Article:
The Drascombe in Mississippi
By Frank San Miguel - Landenberg, Pennsylvania - USA

In the summer of 1983, my friend Mark and I decided to take The Drascombe, my dad’s 21’ Drascombe Longboat, for a cruise. This was our third year in college and the weight of final exams had just been lifted from our shoulders – we were ready for some adventure. Our itinerary was to sail from New Orleans to Gulfport, MS, with a few stops in between (a total of about 80 miles - see map below).

After pulling an all-nighter getting the boat ready for the trip, we launched at dawn from the boat ramp near the Ponchartrain Causeway (a 24 mile bridge across the lake). At the last minute, we picked up another crewmember whose name I forget. There was no wind that day, so we motored the entire way to a friend’s house in the marshes east of New Orleans. Our third man turned out to be pretty poor company, but I was happy to discover he was also prone to seasickness. We dropped him off in at the house and, after a short afternoon visit, headed out to make some miles in the darkness. We motored and sailed for the rest of the evening and reached the Chef Menteur bridge (US hwy 90) around midnight. The bridge towered above us in the darkness, lit by a coupe of small navigation lights. I gave a toot on the horn and in an instant, huge floodlights turned our night into day. We though it was very cool and waved emphatically at the bridge keeper as we passed into The Rigolets (pronounced rig-o-lees in Louisiana).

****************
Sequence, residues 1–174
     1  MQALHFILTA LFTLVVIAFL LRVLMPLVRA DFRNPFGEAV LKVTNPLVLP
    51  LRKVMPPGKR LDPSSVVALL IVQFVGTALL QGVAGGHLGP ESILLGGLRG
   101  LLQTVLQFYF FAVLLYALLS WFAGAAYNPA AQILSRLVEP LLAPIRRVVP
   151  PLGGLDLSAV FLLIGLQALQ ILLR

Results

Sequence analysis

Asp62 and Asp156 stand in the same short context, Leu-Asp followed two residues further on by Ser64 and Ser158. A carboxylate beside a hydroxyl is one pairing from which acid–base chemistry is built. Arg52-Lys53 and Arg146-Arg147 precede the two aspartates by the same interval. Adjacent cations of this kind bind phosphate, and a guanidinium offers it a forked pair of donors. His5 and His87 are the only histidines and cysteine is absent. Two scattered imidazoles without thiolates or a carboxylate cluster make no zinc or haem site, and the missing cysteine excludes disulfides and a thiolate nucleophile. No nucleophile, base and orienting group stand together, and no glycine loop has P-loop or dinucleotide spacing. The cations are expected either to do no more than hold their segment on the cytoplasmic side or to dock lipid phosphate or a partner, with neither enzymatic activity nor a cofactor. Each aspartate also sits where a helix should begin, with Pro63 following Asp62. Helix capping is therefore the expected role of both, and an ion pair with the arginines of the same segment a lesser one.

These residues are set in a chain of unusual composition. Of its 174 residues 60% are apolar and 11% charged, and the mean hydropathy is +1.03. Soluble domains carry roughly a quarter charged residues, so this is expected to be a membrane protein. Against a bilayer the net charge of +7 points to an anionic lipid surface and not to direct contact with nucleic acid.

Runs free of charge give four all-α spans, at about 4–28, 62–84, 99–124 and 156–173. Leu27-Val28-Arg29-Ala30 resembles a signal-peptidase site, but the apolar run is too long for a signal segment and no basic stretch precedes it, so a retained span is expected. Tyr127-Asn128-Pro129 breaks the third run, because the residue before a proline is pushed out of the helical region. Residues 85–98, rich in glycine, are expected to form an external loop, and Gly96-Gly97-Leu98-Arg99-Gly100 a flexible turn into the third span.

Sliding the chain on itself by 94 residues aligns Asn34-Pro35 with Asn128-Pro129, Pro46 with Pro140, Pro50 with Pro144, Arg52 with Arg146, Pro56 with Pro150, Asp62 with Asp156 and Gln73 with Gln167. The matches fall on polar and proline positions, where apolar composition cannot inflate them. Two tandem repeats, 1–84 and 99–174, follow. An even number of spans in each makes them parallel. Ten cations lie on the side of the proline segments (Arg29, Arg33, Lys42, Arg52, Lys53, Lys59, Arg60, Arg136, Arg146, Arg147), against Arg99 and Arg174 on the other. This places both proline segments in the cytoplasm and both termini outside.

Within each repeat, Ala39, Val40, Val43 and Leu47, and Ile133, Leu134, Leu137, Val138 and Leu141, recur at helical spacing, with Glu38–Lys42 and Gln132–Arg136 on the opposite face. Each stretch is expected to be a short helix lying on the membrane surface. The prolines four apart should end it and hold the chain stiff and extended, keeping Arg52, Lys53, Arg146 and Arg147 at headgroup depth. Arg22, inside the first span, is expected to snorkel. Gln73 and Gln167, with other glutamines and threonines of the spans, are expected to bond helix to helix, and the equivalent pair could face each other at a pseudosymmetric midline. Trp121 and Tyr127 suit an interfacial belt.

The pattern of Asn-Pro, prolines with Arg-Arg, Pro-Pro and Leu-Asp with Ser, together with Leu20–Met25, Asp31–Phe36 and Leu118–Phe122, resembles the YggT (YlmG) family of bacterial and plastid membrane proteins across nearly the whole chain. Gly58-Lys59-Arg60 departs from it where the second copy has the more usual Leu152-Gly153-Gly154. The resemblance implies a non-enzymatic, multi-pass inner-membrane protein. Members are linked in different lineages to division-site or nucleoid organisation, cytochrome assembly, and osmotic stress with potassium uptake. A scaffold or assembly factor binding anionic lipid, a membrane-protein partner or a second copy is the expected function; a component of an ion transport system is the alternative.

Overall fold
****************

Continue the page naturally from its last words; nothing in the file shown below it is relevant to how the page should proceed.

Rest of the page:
We were tired, so we decided to anchor and get some rest. While motoring into a small bay just before the entrance to Lake Borgne, the boat was stopped cold with a loud “ping” and a jerk of the tiller. After a moment, we gained headway again, but this time the tiller was stuck. I steered with the motor until we were able to anchor. We speculated that we had hit a submerged pipeline and decided to wait until morning to attempt any repairs.

The Rigolets is the pass that connects Lake Ponchartrain and Lake Borgne with the Gulf of Mexico. The surrounding shores are typical southern marshland. Some people find this type of landscape monotonous and ugly, but I think it is full of natural beauty and diversity. It is also full of mosquitoes. We tried to zip into sleeping bags to avoid the bugs, but it was pretty useless. After fifteen minutes or so, we decided to try to setup the tent. We were attacked savagely as we pulled up the floorboards and laid them across the rowing thwarts. It made a flat platform in which to setup my Eureka 4-man triangle tent. The setup worked like a charm and we actually slept very well, while the bugs hummed lullabies outside (I have since used this technique many times, though it doesn’t work when there is much wind).

In the morning we dove under the boat to check out the damage. Our rudder was the one-part galvanized weldment type that draws about 2 ½ feet in its unbent form (I have recently gotten a kickup rudder for the boat which is much better for this type of sailing). The 1” diameter steel rudder shaft was bent 20 degrees from vertical and jammed into the rudder trunk. I unfastened the tiller from the shaft while Mark held the rudder underwater and dropped it down through the trunk. We motored to a small shipyard that was conveniently just across the channel on the north side of the pass. A ship welder cheerfully helped us out by placing the rudder into a huge vise and whacking on it with a big sledgehammer. After 10 or 20 blows, it was good as new.